In Manila, I often felt like I was speaking into a culture that eluded me.  On Saturday, for the first time, I went for a walk in a Manila neighbourhood, picking up a few groceries and then I decided to try a cleanly designed restaurant.  I had the stewed beef (a little hot, but pleasantly) and mashed potatoes (half the size of the beef portion)—both excellent. A gentleman came in and said a quiet hello before sitting down nearby. We were both older “Europeans.” I was busy reading a couple of newspapers, but we struck up a conversation, and eventually, exchanged names. Peter is a retired Englishman who used to work at creating “bespoke furniture” for special projects, hotels, and those with money and taste. Now retired, he travels the globe “to see the places where I haven’t been.” He travels quite happily alone—given that his two marriages have ended.  We kept bumping into each other over the next few days and each time we compared notes on our impressions of Manila. This is a man whose global experience is certainly broader than mine, but we both agreed that we were looking at a culture that was far more complex, burdened by the injustices of the past and in much greater pain than people could talk about.

At the Sunday afternoon church meeting, many people wore a white T-shirt referring to Hebrews 12:23 in gold letters:  “Look at what we’ve got. An Unshakable Kingdom.” It was an assertion that the spiritual body they were building in the Lord gave each one a sense of personal and communal worth—a share in the Kingdom that couldn’t be lost, stolen, or taken. Which raised the question—how do people cope with such feelings of vulnerability?

The work of Pastor Joe in Tondo is remarkable and provides a meaningful impact on area youth. You can see that his young members are engaged, positive and prayerful. He sees Messianic Judaism as a meaningful avenue of spiritual freedom beyond the traditional denominations and I understand that enthusiasm.  The more I explained to Jonson, the more he seemed to absorb. Finally he said, “We need you Messianics in the church.” Exactly. We should never have been excised—a process that started as soon as the Romans turned the faith in a Jewish Messiah into a Gentile hierarchical structure that rejected “detestable Jewish practices.”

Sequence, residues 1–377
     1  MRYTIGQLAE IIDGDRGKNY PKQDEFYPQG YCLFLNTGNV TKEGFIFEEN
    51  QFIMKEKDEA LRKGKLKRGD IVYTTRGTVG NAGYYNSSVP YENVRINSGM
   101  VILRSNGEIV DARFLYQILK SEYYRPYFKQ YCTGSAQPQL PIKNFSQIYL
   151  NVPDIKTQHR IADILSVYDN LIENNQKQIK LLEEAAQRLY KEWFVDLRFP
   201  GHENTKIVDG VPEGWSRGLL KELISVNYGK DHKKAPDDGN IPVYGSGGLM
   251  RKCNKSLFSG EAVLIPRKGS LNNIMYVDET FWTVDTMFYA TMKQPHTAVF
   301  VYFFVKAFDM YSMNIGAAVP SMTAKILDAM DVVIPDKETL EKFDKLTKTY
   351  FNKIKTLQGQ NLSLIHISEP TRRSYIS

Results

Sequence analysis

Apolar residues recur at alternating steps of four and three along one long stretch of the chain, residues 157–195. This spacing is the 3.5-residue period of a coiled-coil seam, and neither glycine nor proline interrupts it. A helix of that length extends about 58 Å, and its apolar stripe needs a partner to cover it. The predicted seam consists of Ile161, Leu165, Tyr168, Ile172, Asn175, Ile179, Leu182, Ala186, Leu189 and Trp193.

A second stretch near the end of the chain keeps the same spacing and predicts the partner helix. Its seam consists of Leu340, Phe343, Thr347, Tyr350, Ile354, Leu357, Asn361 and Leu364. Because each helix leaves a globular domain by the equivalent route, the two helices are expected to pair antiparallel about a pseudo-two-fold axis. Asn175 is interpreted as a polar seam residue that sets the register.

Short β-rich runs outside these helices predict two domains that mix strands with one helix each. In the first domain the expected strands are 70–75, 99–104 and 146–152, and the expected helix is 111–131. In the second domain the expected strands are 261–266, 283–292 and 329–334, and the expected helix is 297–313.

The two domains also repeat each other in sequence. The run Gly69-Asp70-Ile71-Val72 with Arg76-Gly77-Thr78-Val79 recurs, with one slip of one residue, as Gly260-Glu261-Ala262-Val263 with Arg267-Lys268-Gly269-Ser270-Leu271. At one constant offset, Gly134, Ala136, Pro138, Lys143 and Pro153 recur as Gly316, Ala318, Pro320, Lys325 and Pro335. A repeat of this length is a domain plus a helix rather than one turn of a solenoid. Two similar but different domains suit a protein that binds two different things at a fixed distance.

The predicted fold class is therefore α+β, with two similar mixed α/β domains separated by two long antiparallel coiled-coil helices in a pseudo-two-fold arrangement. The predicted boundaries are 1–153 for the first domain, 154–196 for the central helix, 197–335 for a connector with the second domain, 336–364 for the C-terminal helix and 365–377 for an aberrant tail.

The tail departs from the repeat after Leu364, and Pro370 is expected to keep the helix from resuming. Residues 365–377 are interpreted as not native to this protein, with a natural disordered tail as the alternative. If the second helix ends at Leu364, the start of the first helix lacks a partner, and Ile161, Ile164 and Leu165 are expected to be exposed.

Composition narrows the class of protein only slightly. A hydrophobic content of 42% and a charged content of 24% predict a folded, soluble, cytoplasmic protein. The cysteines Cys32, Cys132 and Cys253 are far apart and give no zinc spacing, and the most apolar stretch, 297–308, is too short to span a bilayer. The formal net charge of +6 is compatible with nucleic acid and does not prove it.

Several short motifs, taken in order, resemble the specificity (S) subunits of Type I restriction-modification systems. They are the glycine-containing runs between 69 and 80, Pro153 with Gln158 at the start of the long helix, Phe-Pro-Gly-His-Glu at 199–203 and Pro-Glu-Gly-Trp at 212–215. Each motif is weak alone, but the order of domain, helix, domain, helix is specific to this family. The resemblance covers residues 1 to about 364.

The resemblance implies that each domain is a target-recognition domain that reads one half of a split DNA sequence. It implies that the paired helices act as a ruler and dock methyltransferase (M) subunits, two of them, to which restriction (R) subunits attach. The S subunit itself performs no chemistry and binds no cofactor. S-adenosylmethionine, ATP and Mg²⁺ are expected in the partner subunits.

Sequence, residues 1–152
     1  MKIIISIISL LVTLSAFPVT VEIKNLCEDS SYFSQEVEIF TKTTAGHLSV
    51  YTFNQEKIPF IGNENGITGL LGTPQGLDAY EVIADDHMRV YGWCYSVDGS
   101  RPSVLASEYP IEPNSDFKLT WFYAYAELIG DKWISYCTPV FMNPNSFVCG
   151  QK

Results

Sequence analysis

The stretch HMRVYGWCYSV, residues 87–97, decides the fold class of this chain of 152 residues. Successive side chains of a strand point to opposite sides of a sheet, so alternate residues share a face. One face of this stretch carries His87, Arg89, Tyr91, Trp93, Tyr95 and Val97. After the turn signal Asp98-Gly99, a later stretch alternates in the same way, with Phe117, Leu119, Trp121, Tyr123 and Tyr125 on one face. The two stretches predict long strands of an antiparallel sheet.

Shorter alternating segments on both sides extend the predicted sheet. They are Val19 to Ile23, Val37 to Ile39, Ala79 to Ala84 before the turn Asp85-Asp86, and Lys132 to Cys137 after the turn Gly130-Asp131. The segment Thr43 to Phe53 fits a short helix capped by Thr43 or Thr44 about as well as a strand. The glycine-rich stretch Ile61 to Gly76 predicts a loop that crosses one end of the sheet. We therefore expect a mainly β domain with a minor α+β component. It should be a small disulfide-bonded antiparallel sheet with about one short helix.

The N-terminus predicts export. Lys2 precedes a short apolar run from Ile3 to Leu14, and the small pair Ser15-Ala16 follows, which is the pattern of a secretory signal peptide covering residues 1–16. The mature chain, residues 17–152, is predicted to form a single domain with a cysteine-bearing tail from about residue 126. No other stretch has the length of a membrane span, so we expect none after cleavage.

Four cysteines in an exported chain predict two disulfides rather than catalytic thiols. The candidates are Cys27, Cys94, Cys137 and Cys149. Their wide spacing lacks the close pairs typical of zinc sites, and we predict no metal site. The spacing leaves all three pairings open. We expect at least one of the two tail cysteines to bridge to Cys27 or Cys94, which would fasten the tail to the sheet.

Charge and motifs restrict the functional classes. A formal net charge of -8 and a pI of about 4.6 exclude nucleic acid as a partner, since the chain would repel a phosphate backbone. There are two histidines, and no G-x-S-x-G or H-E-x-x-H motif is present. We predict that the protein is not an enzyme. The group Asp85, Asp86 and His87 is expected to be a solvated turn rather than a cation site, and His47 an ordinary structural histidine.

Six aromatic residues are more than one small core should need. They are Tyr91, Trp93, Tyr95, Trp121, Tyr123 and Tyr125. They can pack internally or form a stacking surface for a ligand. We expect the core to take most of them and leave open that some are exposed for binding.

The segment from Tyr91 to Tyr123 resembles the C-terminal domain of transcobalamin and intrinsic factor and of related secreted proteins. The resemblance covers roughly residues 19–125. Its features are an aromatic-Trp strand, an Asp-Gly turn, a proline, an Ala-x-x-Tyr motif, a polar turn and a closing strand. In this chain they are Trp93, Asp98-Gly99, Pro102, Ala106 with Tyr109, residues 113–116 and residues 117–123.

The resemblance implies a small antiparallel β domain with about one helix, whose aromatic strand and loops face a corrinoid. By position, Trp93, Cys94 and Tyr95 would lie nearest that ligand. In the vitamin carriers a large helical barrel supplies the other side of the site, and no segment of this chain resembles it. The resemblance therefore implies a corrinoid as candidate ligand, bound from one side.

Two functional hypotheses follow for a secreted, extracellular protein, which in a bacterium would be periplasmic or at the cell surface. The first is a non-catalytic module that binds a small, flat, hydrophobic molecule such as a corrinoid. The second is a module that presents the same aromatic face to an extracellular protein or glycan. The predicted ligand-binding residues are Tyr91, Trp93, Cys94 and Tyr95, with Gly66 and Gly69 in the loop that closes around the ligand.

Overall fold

However, the reason for Abraham blessing the nations wasn’t to make the nations like him in any other way except to walk in his footsteps toward the faithful living God of truth, grace and peace. I wanted more dialogue, but I appreciate that I was given a platform. I felt very honoured by these invitations and the way in which I was so kindly welcomed and respected. But I left South East Asia feeling there is so much more to be done.

There’s great potential for the future of our relationships and I will explore some of these questions with Filipino friends and congregants at home.  I also want to excite people about the open door we now have in Thailand, a city where Israelis are comfortable being Israelis.  Who knows what fruit may come from that connection.  Financially, we were able to leave nice gifts for both ministries and I think that they were encouraged by our desire to uphold their visions. 

Of course, I’ve been changed by this experience. I’ll never see my South East Asian neighbours the same way again.  And I don’t take for granted that people assumed I’d be back.  All these are matters of prayer, consultation and reflection. 

Please pray for my jet lag. I’m editing this in a Manhattan hotel on Wednesday morning—after having lived through two full Tuesdays and I feel like my brain is a wet rag hanging in a humid Manila breeze.

Thank you for reflecting with me, and the comments you sent after reading my blogs. I miss my family and my congregational family, too.  And, I look forward to not only seeing you and shaking your hand in a friendly gesture, but like those funny “farang”—“foreigners” as they say in Thai—perhaps we’ll hug.

Filed under: Ministry News